First Look: 2013 BMW X1
BMW's Entry-Level Crossover Priced to Move, U.S. Gets Exclusive Six-Cylinder
We'd seen photos of the X1 more than two year ago at the 2009 Frankfurt Auto Show, so the existence of the smallest of BMW's crossovers wasn't a big mystery. However, we were kept guessing whether or not we'd get it in the U.S. market. While it seemed natural that the crossover-crazy North American market would get a version, we didn't get official word on that until this week. We're indeed getting it, and in an ironic twist, getting a top-spec model the rest of the world won't get.
Perhaps the biggest surprise is the very reasonable starting price of $31,545 for the rear-drive sDrive28i, which makes it cheaper than an entry-level 328i sedan by $4250, and cheaper than an entry-level 2013 X3 by a whopping $7749. Of course, the X1 sDrive28i is rear-drive, and the entry-level X3 has standard all-wheel drive, so a more apples-to-apples comparison would be the AWD xDrive28i version, which starts at a still-reasonable $33,245.
The X1 is offered in Europe with a variety of four-cylinder engines, both gas and diesel. But the U.S. market will get BMW's twin-turbo 3.0-liter inline six in the top-line X1 xDrive35i. The 300-hp model will start at $39,345 including destination.
The X1 is 175.4 inches long on a wheelbase of 108.7 inches, 70.8 inches wide, and 60.8 inches tall, compared to the X3's 179.9 on 110.1, 73, and 65.9 inches, respectively. Cargo capacity on the X1 is 14.8 cubic feet behind the second row, and 47.7 cubic feet with the rear seat folded. By comparison, the X3 offers 30 cubic feet of storage behind the rear seats, and 71 with the seats folded, giving the X3 a substantial advantage in cargo capacity.
But as currently seems to be the case in the crossover market, it's become more about style, and less about pure utility. Although style is subjective, the X1 shows a little more stylistic flair than the comparatively staid X3. For the 2013 model year, the X3 drops its naturally-aspirated 3.0-liter inline-six in favor of BMW's new 240-hp N20 turbocharged 2.0-liter four-cylinder, so the X1 and X3 will share a base engine in the U.S. market.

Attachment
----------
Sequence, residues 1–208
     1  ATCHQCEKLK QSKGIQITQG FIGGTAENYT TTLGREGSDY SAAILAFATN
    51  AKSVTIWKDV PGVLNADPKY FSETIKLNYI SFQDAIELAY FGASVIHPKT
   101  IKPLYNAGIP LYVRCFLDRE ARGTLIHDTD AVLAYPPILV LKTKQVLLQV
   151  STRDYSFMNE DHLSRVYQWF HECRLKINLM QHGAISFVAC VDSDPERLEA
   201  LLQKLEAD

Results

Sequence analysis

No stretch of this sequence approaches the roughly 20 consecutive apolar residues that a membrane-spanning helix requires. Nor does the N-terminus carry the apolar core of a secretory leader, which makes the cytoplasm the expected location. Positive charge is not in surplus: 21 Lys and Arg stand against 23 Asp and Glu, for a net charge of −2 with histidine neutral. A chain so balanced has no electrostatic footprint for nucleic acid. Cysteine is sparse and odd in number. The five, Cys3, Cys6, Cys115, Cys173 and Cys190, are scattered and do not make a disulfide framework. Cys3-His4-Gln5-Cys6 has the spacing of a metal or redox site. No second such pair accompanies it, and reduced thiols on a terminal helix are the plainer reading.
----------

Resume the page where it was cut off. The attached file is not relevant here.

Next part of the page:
However, unlike the rest of BMW's X family of crossovers, the X3, X5 and X6, which are all built at the company's Spartanburg, South Carolina plant, the X1 hails from BMW's Leipzig, Germany plant. Although it's conceivable production could move to the U.S., considering its more niche status and likely lower sales volume than the X3 and X5, it will probably continue to be sourced from Germany for the foreseeable future.
But the X1 is not the only player in the increasingly-crowded entry premium crossover market. Acura just introduced an all-new V-6 powered RDX, Audi has announced the Q3 is headed stateside, and the BMW Group's own Mini Countryman are all vying for a slice of the market as well. Size-wise, the Audi is probably closest to the X1, with an overall length of 172.6 inches and a wheelbase of 102.5. The RDX is closer to the X3 in overall size with a 105.7 inch wheelbase, and an overall length of 183.5 inches, 73.7-inch width and 66.1-inch height. The Mini Countryman is the runt of the litter with a 102.2-inch wheelbase, a 161.7-inch overall length, 70.4-inch width and 61.5 inch height.
The X1 is scheduled to go on-sale in the U.S. market this fall.